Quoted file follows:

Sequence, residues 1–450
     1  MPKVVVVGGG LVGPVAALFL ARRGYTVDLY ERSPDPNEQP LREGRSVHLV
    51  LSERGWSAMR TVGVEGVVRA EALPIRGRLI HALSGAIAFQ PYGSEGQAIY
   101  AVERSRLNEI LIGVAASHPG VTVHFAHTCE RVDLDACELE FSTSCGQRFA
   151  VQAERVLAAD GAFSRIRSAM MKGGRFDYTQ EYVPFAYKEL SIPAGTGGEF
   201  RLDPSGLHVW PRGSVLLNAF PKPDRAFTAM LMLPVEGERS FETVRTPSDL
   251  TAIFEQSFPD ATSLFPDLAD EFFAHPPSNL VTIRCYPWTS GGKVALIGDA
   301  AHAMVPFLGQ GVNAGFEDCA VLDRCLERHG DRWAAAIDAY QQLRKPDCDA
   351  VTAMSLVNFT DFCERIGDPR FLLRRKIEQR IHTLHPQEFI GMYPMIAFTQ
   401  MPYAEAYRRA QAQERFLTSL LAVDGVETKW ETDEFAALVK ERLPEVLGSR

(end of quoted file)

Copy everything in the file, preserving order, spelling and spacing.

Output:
Sequence, residues 1–450
     1  MPKVVVVGGG LVGPVAALFL ARRGYTVDLY ERSPDPNEQP LREGRSVHLV
    51  LSERGWSAMR TVGVEGVVRA EALPIRGRLI HALSGAIAFQ PYGSEGQAIY
   101  AVERSRLNEI LIGVAASHPG VTVHFAHTCE RVDLDACELE FSTSCGQRFA
   151  VQAERVLAAD GAFSRIRSAM MKGGRFDYTQ EYVPFAYKEL SIPAGTGGEF
   201  RLDPSGLHVW PRGSVLLNAF PKPDRAFTAM LMLPVEGERS FETVRTPSDL
   251  TAIFEQSFPD ATSLFPDLAD EFFAHPPSNL VTIRCYPWTS GGKVALIGDA
   301  AHAMVPFLGQ GVNAGFEDCA VLDRCLERHG DRWAAAIDAY QQLRKPDCDA
   351  VTAMSLVNFT DFCERIGDPR FLLRRKIEQR IHTLHPQEFI GMYPMIAFTQ
   401  MPYAEAYRRA QAQERFLTSL LAVDGVETKW ETDEFAALVK ERLPEVLGSR